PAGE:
A wave of change in business strategy is quietly transforming U.S. manufacturing. Just a few years after the deepest recession in a generation forced many companies to slash costs and outsource production, the focus in many companies has shifted back to growth. For manufacturers, this means finding ways to ramp up production in an environment where every dollar counts.

Growth doesn’t come easy in a sluggish economy. It is especially difficult in a time of major change in purchasing patterns, driven by technology, consumer demand and the retail industry. Consumers have learned to expect variety in products increasingly tailored to them – creating tremendous complexity for traditional supply chains and for operations in general. Every company, even those which haven’t invested heavily in R&D in the past, is feeling the pressure for novelty.

In addition, much of the current wave of business growth is moving away from traditional channels. For example, groceries are increasingly sold now in outlets that would have seemed like peculiar homes for them a few years ago: dollar stores, club chains and drug retailers. Simple healthcare is dispensed through clinics operated by pharmacy chains. Consumer electronics and apparel are sold in manufacturers’ own outlets, while shoppers are increasingly accustomed to buying everything, up to and including automobiles and real estate, through the Internet.

In this environment, manufacturers looking to capture a larger share of a slowly expanding pie can no longer count on their existing branding or merchandising tactics. They need to distinguish themselves by adopting a more strategic approach. This means changing supply chain functions from order-taking cost centers into drivers of profit and competitive differentiation. Moreover, with many companies eliminating the COO position, the door is open for operations executives to play a larger role in shaping corporate strategy.

The details will vary from one company to the next, but some aspects of manufacturing strategy will be the same for all. Since competitive pressures are higher, there needs to be a continuous eye toward innovation and speed. To keep pace with the proliferation of channels and shifting customer preferences, manufacturers need to make more deliberate choices about the right array of products, the best way to shorten lead times, and the most effective means to cut production costs while making goods that better attract customers. In short, manufacturers need supply chains that are “fit for purpose,” i.e., oriented to the particular way that the company creates value through its products.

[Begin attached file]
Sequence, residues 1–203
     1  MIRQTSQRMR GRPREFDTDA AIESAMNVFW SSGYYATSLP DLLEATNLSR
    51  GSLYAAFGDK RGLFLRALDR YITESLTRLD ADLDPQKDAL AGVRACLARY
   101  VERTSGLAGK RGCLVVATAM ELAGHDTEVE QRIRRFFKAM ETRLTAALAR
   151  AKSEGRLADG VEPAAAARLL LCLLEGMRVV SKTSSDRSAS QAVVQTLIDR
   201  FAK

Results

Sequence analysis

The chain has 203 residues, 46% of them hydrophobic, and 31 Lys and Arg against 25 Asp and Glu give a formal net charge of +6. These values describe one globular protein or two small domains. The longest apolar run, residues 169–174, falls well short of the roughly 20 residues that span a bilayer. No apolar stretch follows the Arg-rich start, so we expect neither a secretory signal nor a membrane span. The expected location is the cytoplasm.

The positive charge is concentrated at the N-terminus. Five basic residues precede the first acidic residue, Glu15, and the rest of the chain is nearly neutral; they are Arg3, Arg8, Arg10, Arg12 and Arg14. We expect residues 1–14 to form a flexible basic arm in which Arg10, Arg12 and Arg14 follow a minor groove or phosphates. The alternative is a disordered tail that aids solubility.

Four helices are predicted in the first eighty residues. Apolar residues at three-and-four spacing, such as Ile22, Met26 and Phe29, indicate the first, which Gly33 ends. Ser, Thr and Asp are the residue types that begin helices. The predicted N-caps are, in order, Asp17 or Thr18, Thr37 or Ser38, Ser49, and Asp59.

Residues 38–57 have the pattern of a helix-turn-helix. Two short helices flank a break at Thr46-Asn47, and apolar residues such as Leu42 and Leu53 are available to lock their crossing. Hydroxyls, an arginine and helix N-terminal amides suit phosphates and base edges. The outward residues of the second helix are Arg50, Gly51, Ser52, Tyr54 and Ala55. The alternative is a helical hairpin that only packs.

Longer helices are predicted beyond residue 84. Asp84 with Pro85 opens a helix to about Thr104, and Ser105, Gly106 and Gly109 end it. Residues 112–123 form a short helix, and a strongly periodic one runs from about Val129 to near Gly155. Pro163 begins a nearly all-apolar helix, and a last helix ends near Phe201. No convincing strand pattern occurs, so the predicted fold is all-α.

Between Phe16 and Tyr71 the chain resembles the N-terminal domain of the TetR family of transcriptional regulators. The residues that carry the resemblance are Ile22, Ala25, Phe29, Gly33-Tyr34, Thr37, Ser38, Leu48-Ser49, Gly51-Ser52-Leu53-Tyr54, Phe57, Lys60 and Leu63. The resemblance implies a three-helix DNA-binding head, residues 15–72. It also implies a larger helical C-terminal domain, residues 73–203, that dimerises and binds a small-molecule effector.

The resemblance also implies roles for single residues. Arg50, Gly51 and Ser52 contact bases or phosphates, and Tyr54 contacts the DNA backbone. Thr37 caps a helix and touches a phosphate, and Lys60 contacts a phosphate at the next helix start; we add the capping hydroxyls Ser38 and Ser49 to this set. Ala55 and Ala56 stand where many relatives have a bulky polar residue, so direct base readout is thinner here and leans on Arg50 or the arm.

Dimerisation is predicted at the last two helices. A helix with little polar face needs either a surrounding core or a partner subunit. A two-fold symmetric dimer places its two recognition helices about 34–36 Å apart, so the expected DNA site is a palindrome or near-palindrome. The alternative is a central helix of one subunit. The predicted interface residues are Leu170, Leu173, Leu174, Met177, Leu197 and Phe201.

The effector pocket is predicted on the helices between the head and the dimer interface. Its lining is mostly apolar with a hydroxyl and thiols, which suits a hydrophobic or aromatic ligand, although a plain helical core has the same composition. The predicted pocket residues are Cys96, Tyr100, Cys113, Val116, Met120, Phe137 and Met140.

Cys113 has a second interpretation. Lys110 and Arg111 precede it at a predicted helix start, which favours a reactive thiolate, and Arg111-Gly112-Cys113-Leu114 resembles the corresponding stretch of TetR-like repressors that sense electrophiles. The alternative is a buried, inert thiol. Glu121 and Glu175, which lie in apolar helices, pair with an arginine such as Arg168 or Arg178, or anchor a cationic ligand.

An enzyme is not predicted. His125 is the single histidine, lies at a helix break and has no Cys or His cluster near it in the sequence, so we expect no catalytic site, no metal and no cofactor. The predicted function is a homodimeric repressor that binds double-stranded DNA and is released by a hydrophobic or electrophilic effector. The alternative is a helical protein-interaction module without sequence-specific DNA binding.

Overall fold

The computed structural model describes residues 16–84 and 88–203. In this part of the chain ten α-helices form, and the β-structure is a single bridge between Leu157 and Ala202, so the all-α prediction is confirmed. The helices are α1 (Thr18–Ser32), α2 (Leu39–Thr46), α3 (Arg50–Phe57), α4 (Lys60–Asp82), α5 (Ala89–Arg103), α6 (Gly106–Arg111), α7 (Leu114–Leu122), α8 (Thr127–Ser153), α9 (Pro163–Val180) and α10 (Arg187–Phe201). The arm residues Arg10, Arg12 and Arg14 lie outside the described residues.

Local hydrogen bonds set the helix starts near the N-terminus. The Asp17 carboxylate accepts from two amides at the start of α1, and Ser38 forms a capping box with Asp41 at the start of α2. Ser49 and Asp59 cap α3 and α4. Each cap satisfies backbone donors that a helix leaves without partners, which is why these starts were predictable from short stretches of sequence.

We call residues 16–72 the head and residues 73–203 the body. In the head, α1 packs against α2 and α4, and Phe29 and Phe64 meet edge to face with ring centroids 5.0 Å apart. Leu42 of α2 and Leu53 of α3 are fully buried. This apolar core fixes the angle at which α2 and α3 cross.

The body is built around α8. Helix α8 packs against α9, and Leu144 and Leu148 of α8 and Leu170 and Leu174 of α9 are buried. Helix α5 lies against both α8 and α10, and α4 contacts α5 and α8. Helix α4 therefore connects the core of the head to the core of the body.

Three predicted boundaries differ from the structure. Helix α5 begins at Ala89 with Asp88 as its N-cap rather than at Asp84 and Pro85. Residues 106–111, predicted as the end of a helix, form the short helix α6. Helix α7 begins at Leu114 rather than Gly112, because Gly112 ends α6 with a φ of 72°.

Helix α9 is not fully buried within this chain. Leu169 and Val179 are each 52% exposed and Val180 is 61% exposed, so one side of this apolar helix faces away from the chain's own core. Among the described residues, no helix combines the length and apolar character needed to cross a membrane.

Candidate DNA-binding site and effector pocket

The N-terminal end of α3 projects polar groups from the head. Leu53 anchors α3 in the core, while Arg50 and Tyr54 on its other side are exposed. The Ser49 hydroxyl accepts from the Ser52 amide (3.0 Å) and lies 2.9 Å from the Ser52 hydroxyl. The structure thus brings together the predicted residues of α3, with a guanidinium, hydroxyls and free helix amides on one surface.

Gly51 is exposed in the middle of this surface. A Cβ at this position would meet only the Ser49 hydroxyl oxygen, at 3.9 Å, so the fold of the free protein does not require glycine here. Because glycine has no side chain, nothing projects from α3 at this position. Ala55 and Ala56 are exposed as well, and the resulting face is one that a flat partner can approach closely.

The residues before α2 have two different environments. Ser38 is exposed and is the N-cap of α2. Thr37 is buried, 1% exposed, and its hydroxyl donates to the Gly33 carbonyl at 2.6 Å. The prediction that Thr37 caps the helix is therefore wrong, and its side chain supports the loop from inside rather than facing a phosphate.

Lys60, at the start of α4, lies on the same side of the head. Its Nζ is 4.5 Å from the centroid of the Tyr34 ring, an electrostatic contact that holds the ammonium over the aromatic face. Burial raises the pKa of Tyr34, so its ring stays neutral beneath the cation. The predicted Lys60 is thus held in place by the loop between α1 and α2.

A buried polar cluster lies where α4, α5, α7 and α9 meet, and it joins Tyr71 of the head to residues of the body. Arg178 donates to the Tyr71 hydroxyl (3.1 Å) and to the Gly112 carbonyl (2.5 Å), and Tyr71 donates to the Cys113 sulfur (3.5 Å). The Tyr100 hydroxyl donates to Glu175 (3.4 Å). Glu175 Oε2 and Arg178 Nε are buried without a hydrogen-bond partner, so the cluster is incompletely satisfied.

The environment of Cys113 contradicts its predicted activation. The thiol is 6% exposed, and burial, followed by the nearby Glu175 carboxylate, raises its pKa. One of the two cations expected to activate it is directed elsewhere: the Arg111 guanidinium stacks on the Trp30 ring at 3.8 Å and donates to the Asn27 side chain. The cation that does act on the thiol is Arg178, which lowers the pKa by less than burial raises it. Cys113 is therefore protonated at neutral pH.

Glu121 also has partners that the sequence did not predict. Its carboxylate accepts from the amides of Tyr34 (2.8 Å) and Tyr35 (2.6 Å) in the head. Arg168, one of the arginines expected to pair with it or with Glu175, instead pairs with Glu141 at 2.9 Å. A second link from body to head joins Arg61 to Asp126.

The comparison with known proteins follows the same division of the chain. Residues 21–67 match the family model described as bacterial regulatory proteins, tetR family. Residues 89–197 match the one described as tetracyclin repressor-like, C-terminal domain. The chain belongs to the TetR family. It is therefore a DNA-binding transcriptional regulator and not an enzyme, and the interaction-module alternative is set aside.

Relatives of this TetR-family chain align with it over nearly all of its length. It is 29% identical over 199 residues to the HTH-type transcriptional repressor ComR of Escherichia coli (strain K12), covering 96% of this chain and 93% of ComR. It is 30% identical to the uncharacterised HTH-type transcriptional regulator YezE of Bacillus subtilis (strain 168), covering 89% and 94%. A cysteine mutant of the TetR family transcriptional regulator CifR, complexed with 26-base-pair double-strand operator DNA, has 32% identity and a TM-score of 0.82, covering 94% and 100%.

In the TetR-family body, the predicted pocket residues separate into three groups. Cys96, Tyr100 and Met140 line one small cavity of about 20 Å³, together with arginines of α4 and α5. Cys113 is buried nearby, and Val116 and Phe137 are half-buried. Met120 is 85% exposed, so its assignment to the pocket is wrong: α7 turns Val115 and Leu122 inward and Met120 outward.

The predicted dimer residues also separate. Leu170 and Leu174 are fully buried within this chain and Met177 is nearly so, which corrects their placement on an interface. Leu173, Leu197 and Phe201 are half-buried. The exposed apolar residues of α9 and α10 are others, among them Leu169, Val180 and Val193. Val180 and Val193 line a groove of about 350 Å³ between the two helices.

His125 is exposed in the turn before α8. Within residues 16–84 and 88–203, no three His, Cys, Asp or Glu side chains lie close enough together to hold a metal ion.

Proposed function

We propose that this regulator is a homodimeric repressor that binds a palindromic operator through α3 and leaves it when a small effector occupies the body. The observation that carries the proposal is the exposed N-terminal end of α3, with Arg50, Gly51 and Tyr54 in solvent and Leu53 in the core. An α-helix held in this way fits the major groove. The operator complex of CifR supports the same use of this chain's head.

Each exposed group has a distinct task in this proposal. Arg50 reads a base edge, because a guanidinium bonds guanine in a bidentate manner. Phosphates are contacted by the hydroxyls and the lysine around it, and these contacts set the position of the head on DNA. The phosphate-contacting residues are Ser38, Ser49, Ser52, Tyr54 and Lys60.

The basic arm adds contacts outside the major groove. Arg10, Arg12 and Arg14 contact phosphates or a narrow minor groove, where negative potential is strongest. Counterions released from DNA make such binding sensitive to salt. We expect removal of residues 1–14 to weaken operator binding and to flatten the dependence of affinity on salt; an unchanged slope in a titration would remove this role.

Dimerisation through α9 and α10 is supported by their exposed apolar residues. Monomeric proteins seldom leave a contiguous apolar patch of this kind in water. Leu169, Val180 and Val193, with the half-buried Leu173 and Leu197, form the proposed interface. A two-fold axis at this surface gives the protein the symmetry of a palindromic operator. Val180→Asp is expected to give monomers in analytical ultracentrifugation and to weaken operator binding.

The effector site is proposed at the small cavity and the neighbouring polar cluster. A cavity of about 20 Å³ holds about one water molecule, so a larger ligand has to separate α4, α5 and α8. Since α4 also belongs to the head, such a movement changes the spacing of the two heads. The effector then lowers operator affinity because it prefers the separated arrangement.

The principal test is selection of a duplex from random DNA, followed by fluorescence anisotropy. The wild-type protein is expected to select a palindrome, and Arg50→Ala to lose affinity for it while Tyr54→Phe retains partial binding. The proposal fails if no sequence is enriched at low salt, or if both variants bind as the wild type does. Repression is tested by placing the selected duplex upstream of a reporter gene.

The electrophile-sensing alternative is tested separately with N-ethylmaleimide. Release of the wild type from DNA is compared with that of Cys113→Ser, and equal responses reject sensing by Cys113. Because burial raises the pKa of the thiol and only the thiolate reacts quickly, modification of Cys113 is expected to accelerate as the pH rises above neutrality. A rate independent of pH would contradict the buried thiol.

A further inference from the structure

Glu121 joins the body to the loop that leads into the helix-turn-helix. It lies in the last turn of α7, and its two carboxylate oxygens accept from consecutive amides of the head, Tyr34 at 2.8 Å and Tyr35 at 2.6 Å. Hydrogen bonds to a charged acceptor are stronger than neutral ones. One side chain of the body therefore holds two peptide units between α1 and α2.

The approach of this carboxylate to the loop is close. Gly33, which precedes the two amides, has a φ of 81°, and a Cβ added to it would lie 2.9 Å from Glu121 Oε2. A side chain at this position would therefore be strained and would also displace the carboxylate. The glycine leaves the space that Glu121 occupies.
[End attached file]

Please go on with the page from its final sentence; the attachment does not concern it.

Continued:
This means that the supply chain must be capable of producing distinctive goods, ideally in a way that no one else can copy, and that is instantly recognizable as part of the company’s identity. At the same time, the supply chain must be flexible enough to manage increasing complexity and to shift rapidly, when necessary, to meet changing customer demands.

This challenge represents an unprecedented opportunity for the executives who lead the manufacturing organization. They can align their production capabilities with the company’s broader strategy, redesigning the overall supply chain architecture to reach distinct market segments with products tailored for them. With a better understanding of their capabilities, the value that the market places on their products and the implications for their asset base, they can help develop a supply chain and manufacturing footprint that distinguishes their company from competitors.